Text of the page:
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Illustration: Rebecca Zisser/Axios
Companies again are complaining about rising wages and the potential impact on corporate profits, but history has shown that higher pay doesn't squeeze S&P 500 companies' profit margins, Axios' Courtenay Brown writes.
What it means: Profit margins have rebounded from recession lows, and are at the highest level in at least a half-century. But wages haven't kept pace.
What they're saying: Shake Shack blamed lower profit margins this quarter on "significant headwinds around labor costs."
Executives outside of services-oriented industries are talking about the rising wage impact, too.
There are 2 factors at play:
This year, 19 states had minimum wage hikes, effective Jan. 1, impacting 5.2 million workers across the country, according to the Economic Policy Institute.
Bottom line: Companies have levers to pull to offset any costs from wage hikes — and they are pulling them.
Labor's share of domestic income has "barely recovered in this expansion from lows last seen when the U.S. was pulling out of the Great Depression," the Wall Street Journal points out. Meantime, business profits have skyrocketed from 12% of GDP in the 1980s to more than 20% now.
It turns out a company's reputation — good or bad — doesn't make much difference in the stock market.
The big picture: Results from the Axios Harris Poll 100, a new partnership between Axios and Harris Poll, found little difference between the performance of shares for the 10 companies that had gotten the biggest ranking improvements and those with the biggest ranking declines.
What they're saying: "Shareholders care about reputation, only in regards to return," Brian Battle, director of trading at Performance Trust Capital Partners, tells Axios.
Harris Poll CEO John Gerzema agrees, but says that in 20 years of the poll he's seen these things catch up with companies.
"In any given year we don't expect to see financial performance and reputation move in lockstep because shareholder value is often not correlated with the public interest. So many companies — even sectors like FAANG — can take reputational hits and still grow, at least in the short term. But over time, they risk losing market value by not being aligned with changing societal tastes."
Methodology: The Axios Harris Poll 100 survey was conducted November through January in a nationally representative sample. One group, 6,118 U.S. adults, was asked to identify the two companies they believe have the best and worst reputations. Then, the 100 “most visible companies” were ranked by a second group of 18,228 adults across key dimensions of corporate reputation attributes.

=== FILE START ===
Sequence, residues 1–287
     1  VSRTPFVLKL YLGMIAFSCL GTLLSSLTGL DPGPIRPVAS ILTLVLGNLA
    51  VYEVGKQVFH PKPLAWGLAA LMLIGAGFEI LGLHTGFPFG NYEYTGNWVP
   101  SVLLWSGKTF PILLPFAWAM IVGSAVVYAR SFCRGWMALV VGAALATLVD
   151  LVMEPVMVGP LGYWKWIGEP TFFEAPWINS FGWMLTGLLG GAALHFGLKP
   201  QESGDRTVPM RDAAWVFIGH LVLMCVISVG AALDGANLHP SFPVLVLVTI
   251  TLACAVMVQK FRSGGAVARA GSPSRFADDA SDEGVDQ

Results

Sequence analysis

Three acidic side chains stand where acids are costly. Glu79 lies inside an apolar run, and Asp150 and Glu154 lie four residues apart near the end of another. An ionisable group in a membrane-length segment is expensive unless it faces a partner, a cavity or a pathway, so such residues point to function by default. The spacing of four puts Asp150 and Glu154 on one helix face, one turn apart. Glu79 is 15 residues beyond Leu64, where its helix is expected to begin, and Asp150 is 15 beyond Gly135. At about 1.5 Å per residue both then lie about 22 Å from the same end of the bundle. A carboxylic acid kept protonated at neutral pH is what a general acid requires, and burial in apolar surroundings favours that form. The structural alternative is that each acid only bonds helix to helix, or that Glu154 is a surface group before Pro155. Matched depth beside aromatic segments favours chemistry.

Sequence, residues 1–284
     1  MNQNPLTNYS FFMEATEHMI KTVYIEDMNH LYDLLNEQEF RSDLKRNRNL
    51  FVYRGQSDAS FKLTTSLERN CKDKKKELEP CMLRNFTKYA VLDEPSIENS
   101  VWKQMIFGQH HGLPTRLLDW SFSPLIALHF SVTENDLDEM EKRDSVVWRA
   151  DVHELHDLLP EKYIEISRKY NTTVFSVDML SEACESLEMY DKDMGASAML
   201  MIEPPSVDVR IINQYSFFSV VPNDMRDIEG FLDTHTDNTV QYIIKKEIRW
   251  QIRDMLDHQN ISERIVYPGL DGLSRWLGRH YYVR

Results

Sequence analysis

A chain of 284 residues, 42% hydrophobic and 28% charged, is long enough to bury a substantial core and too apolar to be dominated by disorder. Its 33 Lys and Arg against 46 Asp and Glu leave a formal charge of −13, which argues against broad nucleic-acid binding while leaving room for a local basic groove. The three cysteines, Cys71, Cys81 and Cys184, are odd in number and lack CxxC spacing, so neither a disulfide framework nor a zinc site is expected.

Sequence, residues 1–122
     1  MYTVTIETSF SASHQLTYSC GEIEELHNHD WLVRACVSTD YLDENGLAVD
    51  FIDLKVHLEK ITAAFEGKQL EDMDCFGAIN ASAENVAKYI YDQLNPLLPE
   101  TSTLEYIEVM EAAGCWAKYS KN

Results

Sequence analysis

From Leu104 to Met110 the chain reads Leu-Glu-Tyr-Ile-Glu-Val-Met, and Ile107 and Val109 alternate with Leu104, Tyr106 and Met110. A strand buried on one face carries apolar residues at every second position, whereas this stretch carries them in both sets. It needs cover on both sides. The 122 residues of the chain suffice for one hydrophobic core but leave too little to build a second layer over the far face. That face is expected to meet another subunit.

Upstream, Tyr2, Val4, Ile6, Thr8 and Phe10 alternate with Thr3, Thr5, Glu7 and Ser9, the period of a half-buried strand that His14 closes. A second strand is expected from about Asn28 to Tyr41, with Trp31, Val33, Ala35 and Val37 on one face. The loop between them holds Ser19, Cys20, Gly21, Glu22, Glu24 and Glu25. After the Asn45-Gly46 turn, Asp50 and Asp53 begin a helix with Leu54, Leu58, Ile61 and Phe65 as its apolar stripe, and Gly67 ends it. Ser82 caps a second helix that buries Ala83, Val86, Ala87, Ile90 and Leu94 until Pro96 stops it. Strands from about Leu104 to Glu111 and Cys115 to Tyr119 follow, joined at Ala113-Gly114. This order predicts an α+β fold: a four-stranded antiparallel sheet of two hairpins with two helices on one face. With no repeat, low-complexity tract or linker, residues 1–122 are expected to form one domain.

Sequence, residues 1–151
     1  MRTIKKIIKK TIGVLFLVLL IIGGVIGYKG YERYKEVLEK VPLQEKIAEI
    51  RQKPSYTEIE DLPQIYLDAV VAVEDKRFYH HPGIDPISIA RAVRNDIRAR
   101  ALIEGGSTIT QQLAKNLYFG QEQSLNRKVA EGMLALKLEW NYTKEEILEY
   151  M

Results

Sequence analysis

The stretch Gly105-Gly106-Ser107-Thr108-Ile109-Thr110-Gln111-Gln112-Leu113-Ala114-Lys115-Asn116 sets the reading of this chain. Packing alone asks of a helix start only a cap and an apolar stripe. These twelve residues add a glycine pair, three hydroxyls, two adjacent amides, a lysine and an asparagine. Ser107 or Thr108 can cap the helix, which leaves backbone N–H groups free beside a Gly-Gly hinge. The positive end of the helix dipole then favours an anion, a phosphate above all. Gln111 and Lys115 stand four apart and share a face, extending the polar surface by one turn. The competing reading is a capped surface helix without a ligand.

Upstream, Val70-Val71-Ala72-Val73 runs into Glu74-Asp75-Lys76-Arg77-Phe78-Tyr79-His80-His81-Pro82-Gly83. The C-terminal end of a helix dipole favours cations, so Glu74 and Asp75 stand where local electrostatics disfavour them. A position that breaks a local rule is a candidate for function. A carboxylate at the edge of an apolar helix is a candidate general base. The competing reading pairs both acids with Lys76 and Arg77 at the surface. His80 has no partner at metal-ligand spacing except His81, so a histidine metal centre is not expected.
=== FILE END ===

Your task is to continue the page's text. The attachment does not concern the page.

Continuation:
Venezuela has ratcheted up its debt over the past few years, even as the country has been officially cut off from international credit markets and is facing U.S. sanctions.
What's happening: A new debt estimate from the Institute of International Finance finds the country has been issuing a steadily growing pile of debt through state-owned oil company PDVSA and private debt deals with the likes of China and Russia. But the central government also has managed to run up significant debt.
Details: IIF economists tracked debt to exports and found that Venezuela's external debt is about 738% of its exports. That's more than 4 times the average for comparable emerging and frontier markets. It's also more than 200% higher than the level of debt to exports IIF estimated Venezuela carried just 2 years ago.
Because Venezuela hasn't kept reliable economic data for years and has barred bodies like the IMF and World Bank from conducting their own research, it's not even possible to determine Venezuela's debt to GDP ratio.
On the bright side: Nomura's head of Latin America fixed income strategy, Siobhan Morden, tells Axios she expects that Venezuela will be in much better position to pay off investors once a new government is in place.
A new policy designed to attract investment to low income communities may not benefit rural areas and the most impoverished communities, Axios' Stef Kight reports.
Between the lines: The majority of what are being called "opportunity zones" — economically distressed census tracts nominated by governors to receive special corporate tax breaks — lie within large metro areas. While most have low median income projections, quite a few are in relatively prosperous areas of major cities like Washington, D.C. and San Francisco, according to data collected by Develop LLC.
Dion's thought bubble: The opportunity zones could be boon for low-income communities, but they may really be a once-in-a-lifetime opportunity for the wealthy.
Investors can use money from large capital gains like the sale of a business or a major stock position that they would have had to pay taxes on and instead invest in projects, which are typically real estate, in the approved zones.
If they remain invested for 5 years, investors can exclude 10% of the gain from taxation. If they hold for 7 years, 15% is excluded. And if they remain invested for at least 10 years, any gains from their investment would be tax-free, CNBC notes.
By the numbers: Only 3% of opportunity zones have a projected median household income of $75,000 or more, but certain well-known metro areas have a much larger concentration of these communities.
What to watch: Investors looking to take advantage of the new tax policy are faced with deciding whether to invest in communities where there is the most need or invest in impoverished pockets of areas that are already doing relatively well.